In the Philippines, health-minded community quarantine and travel restriction policies (at least initially) ended up disrupting food supply chains and placed more obstacles on healthcare workers trying to go to hospitals. Many informal sector workers facing “no work, no pay” conditions also tried to defy the travel ban. Up to 40 percent of the country’s 45 million labor force are less likely to have formal work arrangements, with little access to social protection and insurance. If they lose their jobs (or if their companies close down because their workers do not report to work), then the preventive steps to prevent a health contagion may produce worse implications from the economic contagion, exacerbating poverty, hunger, and health issues.
Fortunately, some Philippine government agencies — notably local governments — have adjusted their policy responses. Food lanes have been created to mitigate the disruption of food supplies, exemptions on travel have been made for healthcare personnel and other critically important workers in food manufacturing and other parts of the economy, and food distribution and other support mechanisms have been put in place for poor and low income households badly hit by the quarantine. Some local governments have also resorted to immediate cash transfers and income support schemes, particularly for the transport sector and blue collar and informal sector workers paralyzed by the quarantine. As the crisis expands, and quarantine protocols linger, it is critical to elevate these efforts with more resources and expanded coverage.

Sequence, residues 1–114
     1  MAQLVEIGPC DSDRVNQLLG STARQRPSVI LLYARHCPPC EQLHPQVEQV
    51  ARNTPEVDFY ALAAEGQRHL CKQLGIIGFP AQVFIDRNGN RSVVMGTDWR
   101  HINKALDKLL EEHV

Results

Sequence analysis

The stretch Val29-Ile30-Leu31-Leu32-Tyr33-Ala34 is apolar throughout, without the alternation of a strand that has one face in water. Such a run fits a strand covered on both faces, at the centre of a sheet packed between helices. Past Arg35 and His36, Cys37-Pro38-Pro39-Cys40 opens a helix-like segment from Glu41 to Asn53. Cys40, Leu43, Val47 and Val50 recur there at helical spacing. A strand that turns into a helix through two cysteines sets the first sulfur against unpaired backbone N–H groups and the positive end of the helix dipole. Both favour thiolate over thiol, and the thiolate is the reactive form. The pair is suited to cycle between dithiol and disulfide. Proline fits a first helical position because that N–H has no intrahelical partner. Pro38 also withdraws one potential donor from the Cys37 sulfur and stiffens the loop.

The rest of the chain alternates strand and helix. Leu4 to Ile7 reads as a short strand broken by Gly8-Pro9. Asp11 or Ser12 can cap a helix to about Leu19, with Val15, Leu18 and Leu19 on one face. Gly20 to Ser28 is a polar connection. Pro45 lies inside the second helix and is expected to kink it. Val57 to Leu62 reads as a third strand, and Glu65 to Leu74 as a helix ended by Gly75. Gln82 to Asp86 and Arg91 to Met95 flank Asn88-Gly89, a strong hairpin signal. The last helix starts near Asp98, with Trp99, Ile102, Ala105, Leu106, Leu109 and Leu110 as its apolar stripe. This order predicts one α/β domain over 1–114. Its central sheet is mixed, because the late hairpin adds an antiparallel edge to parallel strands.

Further resource allocations in the healthcare sector (for frontline COVID-19 contagion response) and social protection (to blunt the effects of economic contagion due to COVID-19) will be critical in the weeks and months to come. Government agencies must be given the leeway to recalibrate policy responses based on evidence and guided by broader goals of protecting both health outcomes as well as the broader economy and the millions who depend on it. Otherwise, it is possible that the “cure” may prove worse than the disease.
Manuel M. Dayrit is former Dean at Ateneo de Manila University’s School of Medicine and Public Health and a former Secretary of Health of the Philippines.
Ronald U. Mendoza is Dean at Ateneo de Manila University’s School of Government. This article draws on their recent paper, which can be downloaded here.